Skip to main content

EVGA 650W N1 Power Supply Review

Affordable, but unimpressive.

EVGA 650W N1
(Image: © Tom's Hardware)

Performance Rating

(Image credit: Tom's Hardware)

Low overall performance, only a bit higher than the EVGA 600 W1. 

Noise Rating

The graph below depicts the cooling fan's average noise over the PSU's operating range, with an ambient temperature between 30 to 32 degrees Celsius (86 to 89.6 degrees Fahrenheit).

(Image credit: Tom's Hardware)

This is a noisy PSU, so you should keep this in mind before you decide to buy it. 

Efficiency Rating

The following graph shows the PSU's average efficiency throughout its operating range with an ambient temperature close to 30 degrees Celsius.

(Image credit: Tom's Hardware)

Bottom low average efficiency. The outdated platform is the problem here. 

Power Factor Rating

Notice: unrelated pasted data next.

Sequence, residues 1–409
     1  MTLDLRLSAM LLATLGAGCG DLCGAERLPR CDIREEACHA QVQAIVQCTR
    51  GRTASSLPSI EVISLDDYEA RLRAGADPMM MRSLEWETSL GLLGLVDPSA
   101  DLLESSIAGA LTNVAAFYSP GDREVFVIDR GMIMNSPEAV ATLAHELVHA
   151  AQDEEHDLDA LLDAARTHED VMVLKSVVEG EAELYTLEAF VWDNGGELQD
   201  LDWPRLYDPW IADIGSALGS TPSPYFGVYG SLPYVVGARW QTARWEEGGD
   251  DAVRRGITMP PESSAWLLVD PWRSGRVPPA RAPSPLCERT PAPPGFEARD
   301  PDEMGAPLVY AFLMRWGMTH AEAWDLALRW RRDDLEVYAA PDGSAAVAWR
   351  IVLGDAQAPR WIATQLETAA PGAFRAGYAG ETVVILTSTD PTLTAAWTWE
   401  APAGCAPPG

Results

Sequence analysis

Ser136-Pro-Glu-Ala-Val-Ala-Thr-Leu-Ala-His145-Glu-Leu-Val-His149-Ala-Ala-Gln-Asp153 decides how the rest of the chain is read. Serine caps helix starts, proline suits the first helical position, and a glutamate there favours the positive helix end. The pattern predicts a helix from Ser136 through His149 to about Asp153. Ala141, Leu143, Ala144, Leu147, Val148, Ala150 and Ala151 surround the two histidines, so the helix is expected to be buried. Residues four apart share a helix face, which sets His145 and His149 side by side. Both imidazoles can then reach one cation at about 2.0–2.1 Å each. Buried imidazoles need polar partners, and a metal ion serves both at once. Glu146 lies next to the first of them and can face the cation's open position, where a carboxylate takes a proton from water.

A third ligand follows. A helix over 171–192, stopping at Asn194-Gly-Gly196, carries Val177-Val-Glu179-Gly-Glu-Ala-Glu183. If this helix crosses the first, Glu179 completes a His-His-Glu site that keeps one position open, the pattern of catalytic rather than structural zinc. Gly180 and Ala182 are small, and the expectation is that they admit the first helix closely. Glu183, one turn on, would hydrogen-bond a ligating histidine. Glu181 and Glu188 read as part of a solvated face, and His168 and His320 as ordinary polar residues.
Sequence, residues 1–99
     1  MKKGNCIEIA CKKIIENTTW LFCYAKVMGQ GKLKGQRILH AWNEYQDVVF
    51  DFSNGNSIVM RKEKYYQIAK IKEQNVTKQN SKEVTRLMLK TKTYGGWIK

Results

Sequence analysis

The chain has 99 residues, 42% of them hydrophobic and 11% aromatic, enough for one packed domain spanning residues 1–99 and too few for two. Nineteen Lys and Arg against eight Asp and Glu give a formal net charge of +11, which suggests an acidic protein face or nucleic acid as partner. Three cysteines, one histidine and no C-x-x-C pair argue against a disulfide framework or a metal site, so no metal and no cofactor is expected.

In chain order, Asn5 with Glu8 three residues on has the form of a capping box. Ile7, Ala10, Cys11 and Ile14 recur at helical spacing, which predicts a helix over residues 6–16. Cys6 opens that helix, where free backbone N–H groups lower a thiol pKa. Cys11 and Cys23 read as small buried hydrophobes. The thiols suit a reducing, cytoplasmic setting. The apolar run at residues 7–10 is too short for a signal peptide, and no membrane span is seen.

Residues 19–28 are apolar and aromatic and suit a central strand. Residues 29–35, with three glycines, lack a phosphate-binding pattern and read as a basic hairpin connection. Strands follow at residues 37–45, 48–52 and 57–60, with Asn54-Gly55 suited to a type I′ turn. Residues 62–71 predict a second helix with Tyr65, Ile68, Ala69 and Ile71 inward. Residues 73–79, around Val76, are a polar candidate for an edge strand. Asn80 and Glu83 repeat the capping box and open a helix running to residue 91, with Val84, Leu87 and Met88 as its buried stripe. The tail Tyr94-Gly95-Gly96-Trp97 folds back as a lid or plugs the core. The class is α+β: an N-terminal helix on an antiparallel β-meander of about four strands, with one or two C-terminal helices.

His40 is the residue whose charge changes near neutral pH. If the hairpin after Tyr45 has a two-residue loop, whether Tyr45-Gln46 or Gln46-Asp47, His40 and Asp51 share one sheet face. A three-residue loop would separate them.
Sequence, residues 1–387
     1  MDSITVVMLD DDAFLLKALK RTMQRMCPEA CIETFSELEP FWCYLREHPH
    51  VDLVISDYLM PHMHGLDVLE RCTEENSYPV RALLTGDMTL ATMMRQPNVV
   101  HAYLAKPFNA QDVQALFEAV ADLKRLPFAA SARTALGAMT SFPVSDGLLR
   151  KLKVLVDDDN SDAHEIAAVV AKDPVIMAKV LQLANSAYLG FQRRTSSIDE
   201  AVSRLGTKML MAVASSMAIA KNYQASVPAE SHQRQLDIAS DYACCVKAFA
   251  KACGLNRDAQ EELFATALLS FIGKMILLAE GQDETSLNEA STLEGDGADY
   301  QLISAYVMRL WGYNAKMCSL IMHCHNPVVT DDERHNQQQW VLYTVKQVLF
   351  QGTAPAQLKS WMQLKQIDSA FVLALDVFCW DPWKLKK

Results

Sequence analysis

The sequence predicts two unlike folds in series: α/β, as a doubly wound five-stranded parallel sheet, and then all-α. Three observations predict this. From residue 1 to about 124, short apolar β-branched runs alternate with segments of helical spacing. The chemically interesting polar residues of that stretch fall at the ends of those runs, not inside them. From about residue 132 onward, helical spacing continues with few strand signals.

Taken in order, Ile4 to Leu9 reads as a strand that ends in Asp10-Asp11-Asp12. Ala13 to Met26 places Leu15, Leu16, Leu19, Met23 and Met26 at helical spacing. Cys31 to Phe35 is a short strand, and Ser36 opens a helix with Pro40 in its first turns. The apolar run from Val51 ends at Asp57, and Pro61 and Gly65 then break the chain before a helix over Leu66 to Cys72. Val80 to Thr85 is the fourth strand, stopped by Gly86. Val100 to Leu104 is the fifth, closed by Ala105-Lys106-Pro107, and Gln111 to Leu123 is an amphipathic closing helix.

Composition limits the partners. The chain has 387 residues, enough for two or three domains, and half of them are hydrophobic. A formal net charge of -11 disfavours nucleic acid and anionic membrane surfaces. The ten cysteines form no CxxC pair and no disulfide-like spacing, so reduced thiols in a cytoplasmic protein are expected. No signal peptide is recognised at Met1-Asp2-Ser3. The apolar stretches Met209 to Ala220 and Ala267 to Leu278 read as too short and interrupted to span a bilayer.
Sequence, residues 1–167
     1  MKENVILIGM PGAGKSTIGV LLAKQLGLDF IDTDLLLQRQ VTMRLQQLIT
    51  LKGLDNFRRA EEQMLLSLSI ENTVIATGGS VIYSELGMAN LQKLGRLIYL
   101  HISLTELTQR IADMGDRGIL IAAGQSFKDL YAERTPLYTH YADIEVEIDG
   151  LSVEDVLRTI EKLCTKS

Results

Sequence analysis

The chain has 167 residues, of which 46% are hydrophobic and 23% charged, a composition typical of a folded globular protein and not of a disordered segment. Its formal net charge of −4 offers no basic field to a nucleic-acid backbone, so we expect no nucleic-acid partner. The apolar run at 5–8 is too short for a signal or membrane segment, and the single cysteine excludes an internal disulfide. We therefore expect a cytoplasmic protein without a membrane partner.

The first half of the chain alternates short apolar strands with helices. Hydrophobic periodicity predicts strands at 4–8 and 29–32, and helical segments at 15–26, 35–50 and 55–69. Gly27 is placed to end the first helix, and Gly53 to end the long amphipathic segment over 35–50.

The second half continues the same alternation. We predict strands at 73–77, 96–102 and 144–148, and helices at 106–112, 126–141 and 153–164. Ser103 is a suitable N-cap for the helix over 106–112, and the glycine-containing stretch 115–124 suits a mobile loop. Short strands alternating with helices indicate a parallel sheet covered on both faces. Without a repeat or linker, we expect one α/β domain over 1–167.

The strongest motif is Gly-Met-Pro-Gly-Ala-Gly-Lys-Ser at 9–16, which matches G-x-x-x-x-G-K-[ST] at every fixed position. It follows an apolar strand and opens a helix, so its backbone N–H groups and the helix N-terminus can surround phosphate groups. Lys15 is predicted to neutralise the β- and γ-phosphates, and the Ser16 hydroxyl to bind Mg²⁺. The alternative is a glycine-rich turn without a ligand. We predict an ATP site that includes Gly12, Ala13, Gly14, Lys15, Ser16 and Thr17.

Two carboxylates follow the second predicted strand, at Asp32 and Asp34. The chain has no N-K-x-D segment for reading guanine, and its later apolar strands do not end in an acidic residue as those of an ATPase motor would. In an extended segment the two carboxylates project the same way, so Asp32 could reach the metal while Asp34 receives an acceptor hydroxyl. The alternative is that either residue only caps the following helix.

The following graph shows the PSU's average power factor reading throughout its operating range with an ambient temperature close to 30 degrees Celsius.

AVG PF

(Image credit: Tom's Hardware)

A section where it performs decently! The average PF score is quite high. 

MORE: Best Power Supplies

MORE: How We Test Power Supplies

MORE: All Power Supply Content

  • Archaic59
    Just another POS on the endless pile that we have to warn people about. Who could even use it? It's not for a gaming system and how many people really need 650 watts in a home office system? I remember when I used to recommend EVGA power supplies regularly. Yeah, the Super Flower days, which are long gone. RIP EVGA.
    Reply
  • DSzymborski
    In fairness, even when EVGA had PSUs made by Super Flower and SeaSonic, the N series still totally sucked then as well.
    Reply
  • greatmaharg
    To be clear, is this a review for the 80+ White rated W1, or unrated N1?
    Reply
  • maxamillionfeettall
    "EVGA states that the PSU's fan has a sleeve bearing, but I broke it apart and found an inferior rifle bearing."

    Rifle bearing is just a modified sleeve bearing and is superior to plain sleeve bearings iirc. It's even stated in the psu 101 article, so idk why it's stated as inferior to plain sleeve bearing this time around.
    Reply